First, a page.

from

 others

states

New South Wales

$43

$0

$1

($1)

$44

Queensland

$34

$0

$1

($1)

$35

South Australia

$42

$8

$1

$7

$43

Tasmania

$31

$2

$1

$1

$32

Victoria

$29

$1

$1

$30

 

Table 2 Wholesale electricity prices for 2017-2018.

2017 – 18

Annual

spot

price

REC contribution to generators

REC contributions

Annual

spot

price with REC cost

direct from

state

 consumers

from

 others

states

New South Wales

$83

$3

$5

($2)

$88

Queensland

$76

$0

$5

($5)

$81

South Australia

$111

$36

$5

$31

$116

Tasmania

$91

$9

$5

$4

$96

Victoria

$104

$8

$5

$3

$109

 

It is clear that South Australia, Tasmania and Victoria renewable generators are being subsidized by consumers in New South Wales and Queensland. Queensland has no significant wind power and is the second largest consumer of electricity (just overtaking Victoria in the last few years). It is the largest provider of subsidies to the southern states.

Another unsatisfactory feature of this scheme is that “gentailers” with wind farms both receive revenue from the purchase of REC’s and as retailers bid for the certificates.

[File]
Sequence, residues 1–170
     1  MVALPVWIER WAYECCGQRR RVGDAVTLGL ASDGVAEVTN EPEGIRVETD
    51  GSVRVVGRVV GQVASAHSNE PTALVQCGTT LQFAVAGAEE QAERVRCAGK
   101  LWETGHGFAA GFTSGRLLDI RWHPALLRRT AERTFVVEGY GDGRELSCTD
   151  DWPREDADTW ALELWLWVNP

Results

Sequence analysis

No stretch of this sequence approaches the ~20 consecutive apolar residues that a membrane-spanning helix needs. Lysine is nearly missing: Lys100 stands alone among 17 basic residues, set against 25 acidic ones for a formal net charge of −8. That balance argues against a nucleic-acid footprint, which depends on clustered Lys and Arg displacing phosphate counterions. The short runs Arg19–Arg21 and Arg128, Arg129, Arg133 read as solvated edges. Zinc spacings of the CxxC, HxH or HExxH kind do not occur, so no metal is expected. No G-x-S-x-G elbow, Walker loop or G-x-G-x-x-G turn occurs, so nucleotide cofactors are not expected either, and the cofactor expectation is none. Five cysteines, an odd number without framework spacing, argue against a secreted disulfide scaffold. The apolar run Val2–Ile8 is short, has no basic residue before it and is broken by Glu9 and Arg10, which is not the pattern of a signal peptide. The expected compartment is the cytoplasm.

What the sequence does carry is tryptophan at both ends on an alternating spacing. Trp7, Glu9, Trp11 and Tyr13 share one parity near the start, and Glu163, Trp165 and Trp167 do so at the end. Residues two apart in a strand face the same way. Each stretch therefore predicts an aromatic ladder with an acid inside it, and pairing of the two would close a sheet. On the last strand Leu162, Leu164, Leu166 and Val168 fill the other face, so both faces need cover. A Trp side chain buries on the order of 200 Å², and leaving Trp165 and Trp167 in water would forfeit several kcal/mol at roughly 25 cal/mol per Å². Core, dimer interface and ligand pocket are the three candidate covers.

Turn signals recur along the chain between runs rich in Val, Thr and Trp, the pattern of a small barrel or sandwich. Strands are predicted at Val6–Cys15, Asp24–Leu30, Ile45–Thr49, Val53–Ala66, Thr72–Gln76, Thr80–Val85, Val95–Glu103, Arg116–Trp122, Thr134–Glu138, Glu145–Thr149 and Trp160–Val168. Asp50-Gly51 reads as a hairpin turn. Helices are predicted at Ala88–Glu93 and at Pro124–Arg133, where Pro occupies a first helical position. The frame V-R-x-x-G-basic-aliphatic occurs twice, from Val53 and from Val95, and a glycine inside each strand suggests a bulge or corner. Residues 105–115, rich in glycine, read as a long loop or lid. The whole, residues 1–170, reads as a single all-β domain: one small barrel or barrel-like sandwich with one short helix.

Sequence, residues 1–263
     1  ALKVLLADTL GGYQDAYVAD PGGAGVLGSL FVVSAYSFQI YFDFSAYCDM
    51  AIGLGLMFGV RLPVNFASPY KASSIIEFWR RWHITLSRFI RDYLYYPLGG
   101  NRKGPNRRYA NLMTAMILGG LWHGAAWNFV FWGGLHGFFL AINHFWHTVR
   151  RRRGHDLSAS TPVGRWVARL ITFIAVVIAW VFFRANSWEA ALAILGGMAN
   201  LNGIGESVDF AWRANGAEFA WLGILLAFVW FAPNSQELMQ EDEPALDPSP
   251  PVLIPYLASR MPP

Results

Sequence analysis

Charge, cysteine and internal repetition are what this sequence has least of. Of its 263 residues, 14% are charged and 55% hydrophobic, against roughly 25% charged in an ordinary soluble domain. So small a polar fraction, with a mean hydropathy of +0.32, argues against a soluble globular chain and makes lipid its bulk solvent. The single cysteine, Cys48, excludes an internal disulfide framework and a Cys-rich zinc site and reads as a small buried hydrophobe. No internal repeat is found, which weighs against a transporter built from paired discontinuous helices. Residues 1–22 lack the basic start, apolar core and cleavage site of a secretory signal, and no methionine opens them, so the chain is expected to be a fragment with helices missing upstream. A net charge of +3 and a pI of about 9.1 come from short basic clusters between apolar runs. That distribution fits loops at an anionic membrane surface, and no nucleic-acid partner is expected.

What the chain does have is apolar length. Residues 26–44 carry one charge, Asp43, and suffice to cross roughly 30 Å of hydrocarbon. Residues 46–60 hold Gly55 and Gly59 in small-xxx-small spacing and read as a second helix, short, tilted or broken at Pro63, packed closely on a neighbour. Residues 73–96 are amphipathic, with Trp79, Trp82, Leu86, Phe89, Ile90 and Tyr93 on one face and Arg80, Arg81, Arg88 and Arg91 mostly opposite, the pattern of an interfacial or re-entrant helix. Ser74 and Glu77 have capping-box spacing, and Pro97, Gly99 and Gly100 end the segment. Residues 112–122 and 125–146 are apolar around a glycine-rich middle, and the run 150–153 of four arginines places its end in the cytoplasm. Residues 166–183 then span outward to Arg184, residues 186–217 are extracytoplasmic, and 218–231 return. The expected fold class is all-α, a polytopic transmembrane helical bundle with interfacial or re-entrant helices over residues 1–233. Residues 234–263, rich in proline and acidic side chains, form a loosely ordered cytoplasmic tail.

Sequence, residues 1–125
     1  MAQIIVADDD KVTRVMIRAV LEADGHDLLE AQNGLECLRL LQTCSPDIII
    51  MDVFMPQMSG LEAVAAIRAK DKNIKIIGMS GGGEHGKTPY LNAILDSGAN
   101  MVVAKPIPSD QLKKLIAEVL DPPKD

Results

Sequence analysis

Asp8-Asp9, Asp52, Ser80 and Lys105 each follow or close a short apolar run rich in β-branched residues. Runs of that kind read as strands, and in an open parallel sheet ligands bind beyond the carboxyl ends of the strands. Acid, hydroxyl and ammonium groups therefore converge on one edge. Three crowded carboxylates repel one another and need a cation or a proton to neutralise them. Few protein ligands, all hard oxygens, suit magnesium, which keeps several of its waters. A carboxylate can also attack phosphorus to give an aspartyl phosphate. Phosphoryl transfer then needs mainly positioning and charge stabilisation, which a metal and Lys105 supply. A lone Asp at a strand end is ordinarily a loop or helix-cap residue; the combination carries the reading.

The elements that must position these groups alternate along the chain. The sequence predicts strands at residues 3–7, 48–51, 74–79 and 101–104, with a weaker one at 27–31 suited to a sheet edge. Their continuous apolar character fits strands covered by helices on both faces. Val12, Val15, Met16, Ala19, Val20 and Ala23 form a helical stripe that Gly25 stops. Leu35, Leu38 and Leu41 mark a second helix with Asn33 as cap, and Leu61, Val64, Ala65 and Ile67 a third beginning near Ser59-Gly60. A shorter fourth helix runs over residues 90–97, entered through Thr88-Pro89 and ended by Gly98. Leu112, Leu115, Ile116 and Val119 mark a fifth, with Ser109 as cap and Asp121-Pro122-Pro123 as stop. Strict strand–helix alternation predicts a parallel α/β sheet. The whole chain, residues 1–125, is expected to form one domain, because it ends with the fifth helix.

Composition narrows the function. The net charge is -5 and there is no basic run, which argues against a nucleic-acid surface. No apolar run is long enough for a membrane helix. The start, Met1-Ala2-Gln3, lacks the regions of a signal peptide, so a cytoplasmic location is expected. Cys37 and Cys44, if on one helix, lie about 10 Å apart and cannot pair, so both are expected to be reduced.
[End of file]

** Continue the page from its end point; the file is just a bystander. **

South Australia and Victoria

South Australia and Victoria demonstrate the oncoming problems of renewables in the NEM.

South Australia set the example – showing how the influence of unreliable renewables can damage the profits of baseload stations, contributing to making them uneconomic to run.

The state has 1,806 MW of wind power, so much that at times the turbines generate more electricity than the state can use and it must be exported – though it may not be at a time when other states need it. The excess wind power can impinge on profit margins of baseload providers in other states.